BRIDGEPORT, Conn. — The Bridgeport Housing Authority was ordered to pay $10,000 to a woman with disabilities after it refused to move her to a different apartment after a murder occurred in front of her unit, prosecutors said Thursday.
This settles a lawsuit that alleged that the Housing Authority for the City of Bridgeport (HACB) violated the Fair Housing Act by refusing to provide reasonable accommodations for the woman due to her disability.
In July 2014, the victim submitted a reasonable accommodation request to HACB for a transfer out of her apartment because she experienced anxiety and depression after a homicide occurred in front of her home, said U.S. Attorney John H. Durham.
In May 2016, a physician diagnosed her with post traumatic stress disorder. But HACB denied the request after concluding that the request was “not reasonable.”
In January 2017, after the U.S. Attorney’s Office filed the lawsuit, the victim was moved to another HACB property and HACB paid all of the victim’s moving expenses.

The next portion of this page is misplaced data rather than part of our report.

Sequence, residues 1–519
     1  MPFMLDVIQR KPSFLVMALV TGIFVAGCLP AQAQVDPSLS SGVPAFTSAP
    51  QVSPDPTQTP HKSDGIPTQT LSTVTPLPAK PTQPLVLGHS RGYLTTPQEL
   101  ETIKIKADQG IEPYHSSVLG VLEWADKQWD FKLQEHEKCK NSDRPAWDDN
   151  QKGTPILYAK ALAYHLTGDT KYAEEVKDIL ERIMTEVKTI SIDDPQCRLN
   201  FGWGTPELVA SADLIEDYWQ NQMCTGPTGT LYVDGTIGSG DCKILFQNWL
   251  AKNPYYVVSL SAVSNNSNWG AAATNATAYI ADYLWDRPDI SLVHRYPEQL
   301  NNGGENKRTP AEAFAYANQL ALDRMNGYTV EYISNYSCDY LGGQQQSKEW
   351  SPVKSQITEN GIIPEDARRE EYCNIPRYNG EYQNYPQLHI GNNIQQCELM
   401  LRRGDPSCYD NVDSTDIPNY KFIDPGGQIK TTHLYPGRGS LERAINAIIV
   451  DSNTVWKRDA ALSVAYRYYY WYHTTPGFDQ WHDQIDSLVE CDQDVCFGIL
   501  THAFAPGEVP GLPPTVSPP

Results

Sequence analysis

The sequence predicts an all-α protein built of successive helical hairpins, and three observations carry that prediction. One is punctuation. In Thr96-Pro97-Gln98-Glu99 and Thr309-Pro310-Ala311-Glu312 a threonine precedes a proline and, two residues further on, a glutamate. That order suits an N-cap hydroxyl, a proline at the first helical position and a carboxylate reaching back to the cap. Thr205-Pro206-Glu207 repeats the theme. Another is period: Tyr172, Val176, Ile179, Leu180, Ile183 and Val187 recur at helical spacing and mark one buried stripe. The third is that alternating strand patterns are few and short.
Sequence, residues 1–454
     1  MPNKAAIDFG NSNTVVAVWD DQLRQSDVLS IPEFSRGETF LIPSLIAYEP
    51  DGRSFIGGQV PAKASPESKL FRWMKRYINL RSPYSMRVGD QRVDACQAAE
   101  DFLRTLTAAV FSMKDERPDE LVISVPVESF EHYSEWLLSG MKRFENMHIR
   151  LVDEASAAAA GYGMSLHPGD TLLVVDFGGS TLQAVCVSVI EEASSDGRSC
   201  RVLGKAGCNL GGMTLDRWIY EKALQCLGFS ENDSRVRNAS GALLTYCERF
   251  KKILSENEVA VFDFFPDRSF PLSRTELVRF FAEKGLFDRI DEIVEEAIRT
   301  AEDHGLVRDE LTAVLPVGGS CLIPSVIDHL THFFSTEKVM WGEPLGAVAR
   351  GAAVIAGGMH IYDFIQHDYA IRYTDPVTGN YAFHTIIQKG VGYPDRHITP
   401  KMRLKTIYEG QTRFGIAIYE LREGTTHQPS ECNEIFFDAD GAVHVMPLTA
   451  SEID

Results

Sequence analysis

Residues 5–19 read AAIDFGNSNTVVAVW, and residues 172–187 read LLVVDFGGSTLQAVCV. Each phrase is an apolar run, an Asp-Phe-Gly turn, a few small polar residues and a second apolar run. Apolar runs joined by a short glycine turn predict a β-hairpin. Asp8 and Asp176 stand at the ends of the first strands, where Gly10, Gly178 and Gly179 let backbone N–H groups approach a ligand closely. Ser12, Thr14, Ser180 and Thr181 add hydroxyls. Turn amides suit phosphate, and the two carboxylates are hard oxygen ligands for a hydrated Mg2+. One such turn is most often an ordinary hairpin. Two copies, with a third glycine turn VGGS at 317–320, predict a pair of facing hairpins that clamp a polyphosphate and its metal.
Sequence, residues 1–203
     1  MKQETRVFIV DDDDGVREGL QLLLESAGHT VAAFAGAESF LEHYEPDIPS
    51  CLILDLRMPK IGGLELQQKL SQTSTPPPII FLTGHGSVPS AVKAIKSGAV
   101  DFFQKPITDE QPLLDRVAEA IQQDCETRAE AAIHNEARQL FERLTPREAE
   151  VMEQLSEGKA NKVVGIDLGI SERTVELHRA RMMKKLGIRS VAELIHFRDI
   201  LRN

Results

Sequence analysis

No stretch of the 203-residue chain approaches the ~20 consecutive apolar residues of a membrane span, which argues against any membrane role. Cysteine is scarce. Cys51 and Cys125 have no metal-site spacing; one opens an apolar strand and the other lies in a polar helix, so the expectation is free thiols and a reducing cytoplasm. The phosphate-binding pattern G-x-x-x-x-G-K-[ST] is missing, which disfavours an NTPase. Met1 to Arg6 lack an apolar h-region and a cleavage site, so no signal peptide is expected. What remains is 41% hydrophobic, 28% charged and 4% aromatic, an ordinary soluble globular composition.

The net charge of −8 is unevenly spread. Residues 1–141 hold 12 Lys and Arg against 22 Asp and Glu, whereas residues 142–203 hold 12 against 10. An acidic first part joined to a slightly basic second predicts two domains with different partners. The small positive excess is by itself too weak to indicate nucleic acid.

Under this settlement, HACB will pay $10,000 to the victim. The settlement also requires HACB employees to undergo fair housing training, and HACB to provide periodic reports to the Justice Department.
“As this lawsuit demonstrates, we will vigorously pursue violations of the Fair Housing Act in Connecticut,” said U.S. Attorney John H. Durham.
“Individuals with disabilities shouldn’t be denied the accommodations that allow them to fully enjoy their homes,” said Anna Maria Farias, assistant secretary for Fair Housing and Equal Opportunity for the Department of Housing and Urban Development.
“Today’s settlement sends a clear message that HUD and the Department of Justice are fully committed to ensuring that housing providers, especially housing authorities, meet their obligation to comply with federal fair housing laws.”
In a related matter, on Nov. 15, the U.S. Department of Justice filed a lawsuit against HACB alleging violations of Section 504 of the Rehabilitation Act, Title II of the Americans with Disabilities Act, and the Fair Housing Act. The lawsuit is pending.
The federal Fair Housing Act prohibits discrimination in housing based on race, color, religion, national origin, sex, disability and familial status. For more information, visit www.justice.gov/crt .
Individuals who believe they have been discriminated against by the HACB can contact the Civil Rights Division at 1-800-896-7743, mailbox number 992, or by email at email@example.com.
Click here to sign up for Daily Voice's free daily emails and news alerts.